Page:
Political storm over Wal-Mart's 'illegal bid' to influence India

Indian government accused of corruption after supermarket spends $25m lobbying in US

Delhi

The controversy over the Indian government's plan to allow foreign supermarkets to enter the country took a new twist when it was revealed that the American retail giant Wal-Mart had spent millions of dollars lobbying the US authorities on the issue.

Amid noisy scenes, proceedings in the upper house of India's parliament were brought to a halt by the main opposition party which demanded an investigation into whether or not Wal-Mart's actions had been lawful.

The move by the Bharatiya Janata Party (BJP) followed reports in the Indian media that Wal-Mart had paid $25m (£16m) on lobbying services, including "enhanced market access for investment in India". While it is widespread in the US, lobbying is technically illegal in India, even though it goes on in various unregulated ways.

Last night, a BJP MP and spokesman, Prakash Javadekar, told The Independent that the revelations demanded a full investigation before the government gave the go-ahead for the foreign chains to operate. He claimed the ruling Congress party had a reputation for corruption.

"We don't have official lobbying here and if someone has been paying money that would not be good. It smacks of corruption," he said. "The [coalition] government has come to symbolise corruption because it is synonymous with corruption."

The controversy over whether or not foreign firms should be able to enter India focuses on retail market that is worth an annual £250bn. At the moment, the vast majority of this sector is made up of small shops and markets and the political opposition claims that the arrival of stores such as Tesco, Carrefour and Wal-Mart will lead to the loss of huge numbers of jobs.

Those who support a reform of legislation believe the new investment could help the economy and provide new skills and expertise. The Indian Staffing Federation, an industry body, has suggested foreign direct investment (FDI) could create 10m jobs over the next decade.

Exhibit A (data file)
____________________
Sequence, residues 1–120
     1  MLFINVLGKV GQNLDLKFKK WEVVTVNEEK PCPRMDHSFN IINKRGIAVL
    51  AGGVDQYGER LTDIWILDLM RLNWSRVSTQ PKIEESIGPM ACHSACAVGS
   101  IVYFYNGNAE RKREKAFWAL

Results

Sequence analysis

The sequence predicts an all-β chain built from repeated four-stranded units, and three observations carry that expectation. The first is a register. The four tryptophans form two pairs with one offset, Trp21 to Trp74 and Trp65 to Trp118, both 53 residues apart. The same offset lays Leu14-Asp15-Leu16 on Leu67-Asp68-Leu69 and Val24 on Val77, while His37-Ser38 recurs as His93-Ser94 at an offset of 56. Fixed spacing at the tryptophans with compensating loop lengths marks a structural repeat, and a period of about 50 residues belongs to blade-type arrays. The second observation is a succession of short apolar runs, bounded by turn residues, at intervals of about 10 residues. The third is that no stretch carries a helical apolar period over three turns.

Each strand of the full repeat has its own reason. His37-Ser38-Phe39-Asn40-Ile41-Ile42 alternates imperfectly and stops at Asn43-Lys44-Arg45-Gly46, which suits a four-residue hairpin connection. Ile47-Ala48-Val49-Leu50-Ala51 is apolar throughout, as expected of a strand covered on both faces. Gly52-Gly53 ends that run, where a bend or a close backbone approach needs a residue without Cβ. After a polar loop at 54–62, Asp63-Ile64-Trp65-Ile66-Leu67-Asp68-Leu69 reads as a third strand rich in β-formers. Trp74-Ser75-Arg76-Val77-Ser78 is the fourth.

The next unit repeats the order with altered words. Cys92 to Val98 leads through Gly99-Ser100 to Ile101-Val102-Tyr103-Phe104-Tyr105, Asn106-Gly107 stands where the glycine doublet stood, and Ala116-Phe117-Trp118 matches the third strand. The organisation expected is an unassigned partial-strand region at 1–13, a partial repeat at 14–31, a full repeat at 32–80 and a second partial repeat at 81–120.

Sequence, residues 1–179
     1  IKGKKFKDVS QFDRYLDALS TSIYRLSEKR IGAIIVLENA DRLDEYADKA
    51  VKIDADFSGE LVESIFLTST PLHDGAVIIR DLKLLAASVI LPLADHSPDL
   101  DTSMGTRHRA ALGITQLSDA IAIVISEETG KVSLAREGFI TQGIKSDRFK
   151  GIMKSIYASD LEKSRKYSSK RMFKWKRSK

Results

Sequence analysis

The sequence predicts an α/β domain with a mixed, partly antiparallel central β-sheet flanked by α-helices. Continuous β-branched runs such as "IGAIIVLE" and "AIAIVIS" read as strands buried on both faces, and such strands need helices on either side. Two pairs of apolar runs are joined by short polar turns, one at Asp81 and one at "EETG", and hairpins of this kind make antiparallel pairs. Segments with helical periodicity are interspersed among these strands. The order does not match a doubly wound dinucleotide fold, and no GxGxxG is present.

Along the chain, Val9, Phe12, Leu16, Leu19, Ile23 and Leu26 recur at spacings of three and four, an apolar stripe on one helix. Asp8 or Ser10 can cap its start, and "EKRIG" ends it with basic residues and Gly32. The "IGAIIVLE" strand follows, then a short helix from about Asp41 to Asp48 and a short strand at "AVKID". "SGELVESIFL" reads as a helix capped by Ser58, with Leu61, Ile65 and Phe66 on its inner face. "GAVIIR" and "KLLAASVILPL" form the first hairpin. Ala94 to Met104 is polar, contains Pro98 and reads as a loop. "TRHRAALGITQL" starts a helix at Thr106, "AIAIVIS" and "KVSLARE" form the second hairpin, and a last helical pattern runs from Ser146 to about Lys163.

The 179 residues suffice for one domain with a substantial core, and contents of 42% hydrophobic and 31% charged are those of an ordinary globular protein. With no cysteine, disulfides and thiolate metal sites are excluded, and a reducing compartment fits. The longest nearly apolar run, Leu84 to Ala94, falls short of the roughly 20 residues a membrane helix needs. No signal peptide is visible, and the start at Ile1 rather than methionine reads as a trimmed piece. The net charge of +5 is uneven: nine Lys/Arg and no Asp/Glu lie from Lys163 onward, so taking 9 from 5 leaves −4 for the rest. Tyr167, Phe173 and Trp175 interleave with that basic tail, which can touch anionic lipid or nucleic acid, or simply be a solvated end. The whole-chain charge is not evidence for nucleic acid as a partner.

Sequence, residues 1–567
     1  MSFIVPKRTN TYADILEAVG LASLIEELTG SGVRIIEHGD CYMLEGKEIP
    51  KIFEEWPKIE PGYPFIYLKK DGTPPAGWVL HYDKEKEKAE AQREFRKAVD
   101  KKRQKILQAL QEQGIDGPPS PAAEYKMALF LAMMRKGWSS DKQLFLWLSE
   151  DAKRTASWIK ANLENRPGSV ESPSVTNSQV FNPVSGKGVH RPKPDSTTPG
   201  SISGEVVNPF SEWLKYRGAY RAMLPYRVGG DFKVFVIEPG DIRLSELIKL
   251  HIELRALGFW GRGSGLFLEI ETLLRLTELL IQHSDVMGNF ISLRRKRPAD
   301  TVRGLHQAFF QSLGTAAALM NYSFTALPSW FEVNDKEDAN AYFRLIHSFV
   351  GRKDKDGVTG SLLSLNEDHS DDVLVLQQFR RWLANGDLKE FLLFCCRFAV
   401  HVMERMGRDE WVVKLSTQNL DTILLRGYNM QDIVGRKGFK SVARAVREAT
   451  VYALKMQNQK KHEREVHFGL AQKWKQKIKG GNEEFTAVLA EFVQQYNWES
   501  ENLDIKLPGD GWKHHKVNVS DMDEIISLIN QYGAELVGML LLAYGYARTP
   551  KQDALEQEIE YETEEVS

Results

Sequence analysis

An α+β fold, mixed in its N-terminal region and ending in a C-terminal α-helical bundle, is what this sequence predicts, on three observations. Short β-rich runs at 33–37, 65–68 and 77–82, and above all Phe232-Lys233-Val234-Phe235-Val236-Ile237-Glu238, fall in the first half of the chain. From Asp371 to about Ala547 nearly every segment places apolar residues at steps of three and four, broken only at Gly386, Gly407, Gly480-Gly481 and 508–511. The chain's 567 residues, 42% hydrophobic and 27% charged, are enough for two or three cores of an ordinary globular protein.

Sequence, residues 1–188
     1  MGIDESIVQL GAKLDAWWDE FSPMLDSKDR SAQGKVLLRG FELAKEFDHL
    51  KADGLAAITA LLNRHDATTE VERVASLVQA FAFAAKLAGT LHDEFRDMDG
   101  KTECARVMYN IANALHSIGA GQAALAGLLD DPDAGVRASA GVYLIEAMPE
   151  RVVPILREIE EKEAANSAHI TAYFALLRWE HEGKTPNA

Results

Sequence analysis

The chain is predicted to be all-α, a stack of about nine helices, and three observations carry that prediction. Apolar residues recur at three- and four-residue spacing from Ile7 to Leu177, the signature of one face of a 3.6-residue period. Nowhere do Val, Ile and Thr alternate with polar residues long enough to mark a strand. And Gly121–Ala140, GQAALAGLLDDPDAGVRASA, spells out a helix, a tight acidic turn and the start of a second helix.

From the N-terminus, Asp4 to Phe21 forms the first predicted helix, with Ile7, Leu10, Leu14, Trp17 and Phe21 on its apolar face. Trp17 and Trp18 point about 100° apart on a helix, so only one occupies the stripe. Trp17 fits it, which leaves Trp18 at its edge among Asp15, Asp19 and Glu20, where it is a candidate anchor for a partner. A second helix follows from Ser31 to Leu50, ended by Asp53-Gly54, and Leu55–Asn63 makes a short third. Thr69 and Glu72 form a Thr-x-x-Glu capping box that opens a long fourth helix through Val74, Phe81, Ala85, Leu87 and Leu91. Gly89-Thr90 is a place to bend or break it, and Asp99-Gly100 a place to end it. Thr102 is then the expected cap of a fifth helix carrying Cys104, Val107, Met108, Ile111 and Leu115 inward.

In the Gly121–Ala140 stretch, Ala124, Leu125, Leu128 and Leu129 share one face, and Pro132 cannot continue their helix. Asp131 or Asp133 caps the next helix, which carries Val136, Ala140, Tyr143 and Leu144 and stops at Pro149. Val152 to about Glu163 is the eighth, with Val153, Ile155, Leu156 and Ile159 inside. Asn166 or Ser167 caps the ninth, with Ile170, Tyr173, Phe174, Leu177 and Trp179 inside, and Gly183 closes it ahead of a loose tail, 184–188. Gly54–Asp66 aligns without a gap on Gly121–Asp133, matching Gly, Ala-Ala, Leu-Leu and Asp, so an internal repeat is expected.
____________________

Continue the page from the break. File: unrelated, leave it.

The chains themselves have suggested they could revolutionise India's food distribution networks and create a cold-chain system. At the moment, an estimated one-third of vegetables and crops grown by India's farmers rots before reaching the consumer.

The row over the Wal-Mart lobbying of the US government – first revealed in a disclosure report to the US Senate – came a week after a vigorous debate in the two houses of the Indian parliament about FDI and a subsequent vote which the Congress-led government won.

Wal-Mart yesterday dismissed the allegations of illegal lobbying as "entirely false".

"In accordance with US law, US companies are required to disclose the issues and expenditures associated with lobbying on a quarterly basis. The expenditures are a compilation of expenses associated with staff, association dues, consultants, and contributions spent in the United States," the company said. "Our Washington office naturally had discussions with US government officials about a range of trade and investment issues that impact our businesses in the US and worldwide and disclosed this in accordance with the law."

Earlier, the company expressed its readiness to develop wholesale operations it has with an Indian partner.

At the same time Tesco, which is lined up to operate a joint venture with India's Tata group, said: "Tesco welcomes this positive development but we await further detail."

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